The WHO recommends that children in Sub-Saharan Africa and other areas with moderate to high P. falciparum malaria transmission get the RTS, S/AS01 (RTS, S) malaria vaccine, otherwise known as Mosquirix.
The suggestion is based on the findings of a trial program that has touched over 800,000 children in Ghana, Kenya, and Malawi since its inception in 2019.
We are seeing a watershed moment in history.Tedros Adhanom Ghebreyesus – WHO Director-General
For research, child health, and malaria control, the long-awaited malaria vaccine for children is a game-changer.
The addition of this vaccination to current malaria prevention measures might save tens of thousands of child lives each year, according to WHO Director-General Tedros Adhanom Ghebreyesus.
Malaria has plagued Sub-Saharan Africa for millennia, according to WHO regional director for Africa, Dr. Matshidiso Moeti.
WHO recommends groundbreaking malaria vaccine for children at risk
The proposal was based on data and insights gathered over two years of immunization in child health clinics in the three pilot nations, which were executed under the direction of Ghana’s, Kenya’s, and Malawi’s Ministries of Health.
These are some of the findings:
- Vaccine introduction is practical, improves health, and saves lives, as seen by good and equitable RTS, S coverage seen through regular vaccination programs. Even in the midst of the COVID-19 epidemic, this happened.
- RTS, S promotes equality in malaria preventive access by reaching the unreachable.
- The RTS, S vaccination benefits more than two-thirds of children in the three nations who do not sleep under a bednet, according to data from the pilot study.
- When the tools are combined, more than 90% of children benefit from at least one preventative intervention (insecticide-treated bednets or the malaria vaccine).
- Strong safety profile: The vaccine has been delivered in over 2.3 million doses in three African nations so far, and it has a positive safety record.
- There were no detrimental effects on bednet use, other childhood immunizations, or health-seeking behavior for febrile illnesses. There has been no decline in the use of insecticide-treated nets, uptake of other childhood vaccines, or health-seeking behavior for febrile illness in regions where the vaccine has been administered.
- In real-life children vaccination settings, this has a big impact: Even when introduced in regions where insecticide-treated nets are extensively used and diagnosis and treatment are readily available, there is a significant reduction (30%) in fatal severe malaria.
- Modeling suggests that the vaccine is cost-effective in places where malaria transmission is moderate to high.
The importance of vaccines in the fight against Malaria
The Organization advises that, based on the opinion of two WHO global advisory committees, one for vaccination and the other for malaria, that:
In the context of comprehensive malaria control, WHO advises that the RTS, S/AS01 malaria vaccine be administered to prevent P. falciparum malaria in children residing in WHO-defined moderate to high transmission areas.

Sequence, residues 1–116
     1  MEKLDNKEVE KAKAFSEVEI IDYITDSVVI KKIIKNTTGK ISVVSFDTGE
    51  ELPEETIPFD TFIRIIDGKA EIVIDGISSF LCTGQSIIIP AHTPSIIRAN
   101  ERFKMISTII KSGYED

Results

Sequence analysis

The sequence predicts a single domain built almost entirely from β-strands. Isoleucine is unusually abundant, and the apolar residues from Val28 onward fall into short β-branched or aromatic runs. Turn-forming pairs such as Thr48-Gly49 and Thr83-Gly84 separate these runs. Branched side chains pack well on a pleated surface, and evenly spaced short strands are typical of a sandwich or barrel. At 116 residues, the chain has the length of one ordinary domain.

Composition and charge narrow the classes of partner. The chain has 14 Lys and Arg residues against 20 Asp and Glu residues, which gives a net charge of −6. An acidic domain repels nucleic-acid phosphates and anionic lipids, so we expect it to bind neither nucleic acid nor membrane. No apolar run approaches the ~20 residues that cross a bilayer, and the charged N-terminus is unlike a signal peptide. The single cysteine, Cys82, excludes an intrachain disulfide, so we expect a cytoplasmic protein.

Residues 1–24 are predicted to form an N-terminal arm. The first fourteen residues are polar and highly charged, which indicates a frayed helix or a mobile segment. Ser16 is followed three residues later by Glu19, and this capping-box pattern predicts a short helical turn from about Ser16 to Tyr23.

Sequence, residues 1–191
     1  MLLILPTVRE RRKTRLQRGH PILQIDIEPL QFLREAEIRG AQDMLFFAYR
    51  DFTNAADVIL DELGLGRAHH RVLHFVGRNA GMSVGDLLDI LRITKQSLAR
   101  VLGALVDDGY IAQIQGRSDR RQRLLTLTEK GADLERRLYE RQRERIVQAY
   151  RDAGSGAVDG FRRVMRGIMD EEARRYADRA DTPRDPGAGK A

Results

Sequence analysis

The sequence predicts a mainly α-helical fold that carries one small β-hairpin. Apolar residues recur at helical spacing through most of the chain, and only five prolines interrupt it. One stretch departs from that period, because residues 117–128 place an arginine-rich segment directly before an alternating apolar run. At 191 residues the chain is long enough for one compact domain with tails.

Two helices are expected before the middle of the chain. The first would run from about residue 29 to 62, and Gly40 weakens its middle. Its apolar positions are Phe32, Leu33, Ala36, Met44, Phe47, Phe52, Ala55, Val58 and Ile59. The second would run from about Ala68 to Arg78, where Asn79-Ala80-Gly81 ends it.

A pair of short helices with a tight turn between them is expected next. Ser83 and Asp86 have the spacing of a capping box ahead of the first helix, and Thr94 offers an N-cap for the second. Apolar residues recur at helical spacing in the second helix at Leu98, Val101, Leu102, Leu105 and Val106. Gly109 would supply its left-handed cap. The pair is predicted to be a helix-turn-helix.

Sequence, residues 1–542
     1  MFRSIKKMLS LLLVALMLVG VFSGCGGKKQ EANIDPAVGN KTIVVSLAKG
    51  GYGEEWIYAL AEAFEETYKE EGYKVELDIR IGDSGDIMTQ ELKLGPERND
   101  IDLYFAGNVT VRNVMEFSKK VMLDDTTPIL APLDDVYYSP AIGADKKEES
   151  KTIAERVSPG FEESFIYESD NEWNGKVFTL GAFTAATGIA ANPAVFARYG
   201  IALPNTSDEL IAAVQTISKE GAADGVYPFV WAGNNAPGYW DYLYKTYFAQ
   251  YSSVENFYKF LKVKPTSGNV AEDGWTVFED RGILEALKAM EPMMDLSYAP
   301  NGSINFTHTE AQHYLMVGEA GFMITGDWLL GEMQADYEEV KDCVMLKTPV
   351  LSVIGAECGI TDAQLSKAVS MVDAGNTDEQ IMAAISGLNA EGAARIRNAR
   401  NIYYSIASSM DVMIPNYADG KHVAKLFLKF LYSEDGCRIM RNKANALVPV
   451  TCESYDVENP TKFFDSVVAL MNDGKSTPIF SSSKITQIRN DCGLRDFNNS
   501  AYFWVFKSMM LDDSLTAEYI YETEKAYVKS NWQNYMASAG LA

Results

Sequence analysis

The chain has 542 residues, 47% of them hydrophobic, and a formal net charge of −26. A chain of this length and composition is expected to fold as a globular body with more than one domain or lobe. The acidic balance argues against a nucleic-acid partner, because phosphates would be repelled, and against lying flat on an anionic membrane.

The RTS, S/AS01 malaria vaccine should be given to children starting at the age of 5 months on a four-dose regimen to reduce malaria illness and burden.
The different types of Malaria vaccines
Malaria is a potentially fatal illness carried by mosquitoes.
It’s one of the world’s most prevalent and spreading infectious illnesses, impacting millions of individuals every year.
Fever, headaches, vomiting, and severe sickness are all symptoms of malaria.
The good news is that scientists have identified a variety of vaccinations that might help stop the illness from spreading throughout the globe.
These vaccinations are designed to protect individuals from malaria before they become infected.
Future directions for the development of a more effective malaria vaccine
A new approach to combating malaria has been developed by researchers at Washington University School of Medicine in St Louis, who have successfully tested a DNA vaccine against the disease.
The study has shown for the first time that DNA vaccines can protect against malaria infection.
It is hoped that with further research into this method it will be possible to develop a more effective vaccine against the disease.
A malaria vaccine is one of the most important tools for reducing malaria mortality, morbidity, and transmission.
Despite substantial efforts, this goal has not yet been achieved.
A number of factors may explain this failure including lack of funding, scientific competition, low priority at research institutes, and also scientific mismanagement.
This review examines these factors to gain an insight into what can be done to achieve a successful malaria vaccine in the future.
WHO recommends that countries introduce the RTS, S/AS01 malaria vaccine alongside other malaria control measures to reduce the burden of disease.
The next steps for the WHO-recommended malaria vaccine will include funding decisions from the global health community for broader rollout, and country decision-making on whether to adopt the vaccine as part of national malaria control strategies.
As the global health community continues to work towards universal childhood immunization, this vaccine will play a key role in preventing disease and saving lives.